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Atlantic Monthly, Vol. 4, No. 21, July, 1859

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Author: Various Authors
Published: 1859
Language: English
Wordcount: 92,791 / 273 pg
Flesch-Kincaid Reading Ease: 54.3
LoC Category: AP
Downloads: 678
Added to site: 2004.06.30 8178
Genre: Periodical

modern South Carolina "sound and fury," gave public notice, that, if the treaty entered into by "that damned arch traitor, John Jay, with the British tyrant should be ratified, a petition will be presented to the next General Assembly of Virginia praying that the said State may recede from the Union, and be left under the government and protection of one hundred thousand free and independent Virginians!" A meeting at Pittsburg, Pennsylvania, resolved, "that it was weary of the tardiness of Congress in not going to war with England, and that they were almost ready to wish for a state of revolution and the guillotine of France for a short space, in order to punish the miscreants who enervate and disgrace the government." Mr. Jefferson's opinion of the treaty is well known from his rhetorical letter to Rutledge, which, in two or three lines, contains the adjectives, _unnecessary, impolitic, dangerous, dishonorable, disadvantageous, humiliating, disgraceful, improper, monarchical, impeachable_. The Mazze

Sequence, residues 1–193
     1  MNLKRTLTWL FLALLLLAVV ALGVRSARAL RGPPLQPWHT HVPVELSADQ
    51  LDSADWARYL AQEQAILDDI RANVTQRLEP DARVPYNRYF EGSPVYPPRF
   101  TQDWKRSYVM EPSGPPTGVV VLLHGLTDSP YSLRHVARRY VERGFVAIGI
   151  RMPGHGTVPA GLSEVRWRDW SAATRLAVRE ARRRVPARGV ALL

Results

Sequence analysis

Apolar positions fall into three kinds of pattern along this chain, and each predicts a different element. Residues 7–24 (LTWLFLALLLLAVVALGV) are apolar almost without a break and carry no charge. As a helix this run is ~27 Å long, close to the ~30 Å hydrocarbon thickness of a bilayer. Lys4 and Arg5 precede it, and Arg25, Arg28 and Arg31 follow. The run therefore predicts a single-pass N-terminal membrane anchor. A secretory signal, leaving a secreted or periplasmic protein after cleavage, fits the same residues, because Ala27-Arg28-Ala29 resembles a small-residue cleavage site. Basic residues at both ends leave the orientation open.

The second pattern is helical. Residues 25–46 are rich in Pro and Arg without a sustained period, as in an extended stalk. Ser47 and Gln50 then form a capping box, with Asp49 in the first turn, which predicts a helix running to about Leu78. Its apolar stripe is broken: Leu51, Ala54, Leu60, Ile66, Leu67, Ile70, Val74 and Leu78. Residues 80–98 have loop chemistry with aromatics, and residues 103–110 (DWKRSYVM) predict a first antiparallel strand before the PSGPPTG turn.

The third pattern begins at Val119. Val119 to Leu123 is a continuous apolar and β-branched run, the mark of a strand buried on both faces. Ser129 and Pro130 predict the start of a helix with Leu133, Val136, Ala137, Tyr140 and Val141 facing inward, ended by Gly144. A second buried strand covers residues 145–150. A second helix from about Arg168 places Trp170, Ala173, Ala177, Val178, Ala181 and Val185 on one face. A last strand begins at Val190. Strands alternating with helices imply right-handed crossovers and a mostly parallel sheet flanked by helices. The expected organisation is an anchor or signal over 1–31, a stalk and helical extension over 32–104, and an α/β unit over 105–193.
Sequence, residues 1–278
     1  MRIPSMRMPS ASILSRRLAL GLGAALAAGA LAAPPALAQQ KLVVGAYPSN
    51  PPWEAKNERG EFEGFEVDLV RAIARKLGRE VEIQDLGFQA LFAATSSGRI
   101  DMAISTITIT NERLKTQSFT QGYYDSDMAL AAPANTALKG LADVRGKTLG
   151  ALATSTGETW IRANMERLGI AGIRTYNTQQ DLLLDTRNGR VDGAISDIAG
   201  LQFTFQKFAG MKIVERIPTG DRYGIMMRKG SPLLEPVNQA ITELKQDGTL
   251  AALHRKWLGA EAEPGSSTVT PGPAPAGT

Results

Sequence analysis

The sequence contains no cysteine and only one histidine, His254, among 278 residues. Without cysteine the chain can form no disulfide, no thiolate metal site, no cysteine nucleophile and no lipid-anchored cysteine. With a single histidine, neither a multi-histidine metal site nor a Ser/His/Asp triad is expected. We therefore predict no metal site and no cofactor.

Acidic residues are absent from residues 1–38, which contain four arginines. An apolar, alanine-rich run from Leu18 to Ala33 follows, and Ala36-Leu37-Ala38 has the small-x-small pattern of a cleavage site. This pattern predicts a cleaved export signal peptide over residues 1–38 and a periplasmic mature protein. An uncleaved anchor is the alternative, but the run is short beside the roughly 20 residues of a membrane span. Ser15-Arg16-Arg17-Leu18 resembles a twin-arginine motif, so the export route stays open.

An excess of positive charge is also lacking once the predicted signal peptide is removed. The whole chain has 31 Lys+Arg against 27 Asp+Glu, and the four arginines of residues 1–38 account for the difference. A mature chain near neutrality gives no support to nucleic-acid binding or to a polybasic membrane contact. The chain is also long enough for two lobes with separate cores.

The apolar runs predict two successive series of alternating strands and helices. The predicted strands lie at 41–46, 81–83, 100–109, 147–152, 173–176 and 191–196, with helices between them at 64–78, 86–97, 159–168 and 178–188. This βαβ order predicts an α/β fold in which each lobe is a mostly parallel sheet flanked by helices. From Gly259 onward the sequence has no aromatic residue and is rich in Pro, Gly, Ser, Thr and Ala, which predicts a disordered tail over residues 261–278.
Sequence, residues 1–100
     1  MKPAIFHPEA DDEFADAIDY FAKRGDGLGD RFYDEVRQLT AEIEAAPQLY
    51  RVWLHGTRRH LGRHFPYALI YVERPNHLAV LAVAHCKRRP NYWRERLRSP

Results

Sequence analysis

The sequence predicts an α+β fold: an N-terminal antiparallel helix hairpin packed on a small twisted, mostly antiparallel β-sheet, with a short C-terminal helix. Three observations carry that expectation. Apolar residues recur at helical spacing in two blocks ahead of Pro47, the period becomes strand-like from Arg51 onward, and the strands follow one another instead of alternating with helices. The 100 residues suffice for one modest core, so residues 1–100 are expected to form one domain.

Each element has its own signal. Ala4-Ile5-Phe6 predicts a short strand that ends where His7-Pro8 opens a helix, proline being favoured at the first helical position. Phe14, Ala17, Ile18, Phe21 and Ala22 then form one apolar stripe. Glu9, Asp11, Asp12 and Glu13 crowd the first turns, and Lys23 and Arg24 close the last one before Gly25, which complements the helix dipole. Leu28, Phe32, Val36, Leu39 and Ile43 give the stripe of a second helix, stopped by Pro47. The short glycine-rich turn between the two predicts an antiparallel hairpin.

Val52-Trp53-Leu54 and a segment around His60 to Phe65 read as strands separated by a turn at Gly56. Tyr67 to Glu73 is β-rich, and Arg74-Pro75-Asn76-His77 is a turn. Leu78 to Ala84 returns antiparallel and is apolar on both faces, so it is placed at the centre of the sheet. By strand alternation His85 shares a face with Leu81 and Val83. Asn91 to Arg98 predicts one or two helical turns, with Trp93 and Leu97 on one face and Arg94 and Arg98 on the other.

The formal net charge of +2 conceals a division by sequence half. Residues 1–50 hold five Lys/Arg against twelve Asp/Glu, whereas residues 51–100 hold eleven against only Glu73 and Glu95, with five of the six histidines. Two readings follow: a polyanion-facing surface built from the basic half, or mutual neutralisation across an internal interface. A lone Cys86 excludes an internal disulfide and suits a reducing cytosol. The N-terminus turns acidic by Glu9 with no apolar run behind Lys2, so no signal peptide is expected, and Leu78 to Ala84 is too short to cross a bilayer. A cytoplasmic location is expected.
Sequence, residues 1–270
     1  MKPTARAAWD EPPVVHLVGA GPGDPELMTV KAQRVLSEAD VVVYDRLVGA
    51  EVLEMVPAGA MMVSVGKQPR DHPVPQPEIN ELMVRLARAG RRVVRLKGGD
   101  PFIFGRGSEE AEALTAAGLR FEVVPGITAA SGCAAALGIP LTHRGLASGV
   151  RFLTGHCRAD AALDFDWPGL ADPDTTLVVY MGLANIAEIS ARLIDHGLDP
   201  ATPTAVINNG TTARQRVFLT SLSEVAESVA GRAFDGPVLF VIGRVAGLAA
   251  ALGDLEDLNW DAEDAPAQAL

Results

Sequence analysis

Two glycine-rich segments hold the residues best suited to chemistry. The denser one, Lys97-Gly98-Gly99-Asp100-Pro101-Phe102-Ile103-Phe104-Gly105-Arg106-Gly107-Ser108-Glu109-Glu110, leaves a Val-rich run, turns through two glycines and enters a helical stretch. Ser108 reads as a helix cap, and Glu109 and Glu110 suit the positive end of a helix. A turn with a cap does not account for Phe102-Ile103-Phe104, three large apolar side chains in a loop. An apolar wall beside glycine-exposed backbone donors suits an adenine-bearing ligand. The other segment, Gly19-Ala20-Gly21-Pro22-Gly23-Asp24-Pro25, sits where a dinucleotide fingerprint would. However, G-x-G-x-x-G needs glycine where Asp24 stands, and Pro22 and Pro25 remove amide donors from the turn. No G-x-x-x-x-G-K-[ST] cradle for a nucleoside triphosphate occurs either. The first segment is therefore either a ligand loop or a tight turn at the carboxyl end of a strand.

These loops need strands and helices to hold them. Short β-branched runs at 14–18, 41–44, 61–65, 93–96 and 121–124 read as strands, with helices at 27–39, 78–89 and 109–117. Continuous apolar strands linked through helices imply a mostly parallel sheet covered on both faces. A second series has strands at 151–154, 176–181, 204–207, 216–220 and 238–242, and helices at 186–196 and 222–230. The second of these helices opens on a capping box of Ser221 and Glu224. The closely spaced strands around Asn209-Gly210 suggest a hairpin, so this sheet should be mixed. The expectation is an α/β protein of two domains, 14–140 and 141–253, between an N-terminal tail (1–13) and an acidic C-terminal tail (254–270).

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Quinn Coleridge
Quinn Colebridge is more at ease with the surreal than the pragmatic. Showing up at a sales meeting would give her hives, but creating unknown worlds is a cinch - with stories that may feature a demigoddess, ghosts and other creatures. As our Author of the Day, Colebridge chats about her characters, world building and introduces us to her bestseller in the Gaslamp Fantasy genre - Veritas.
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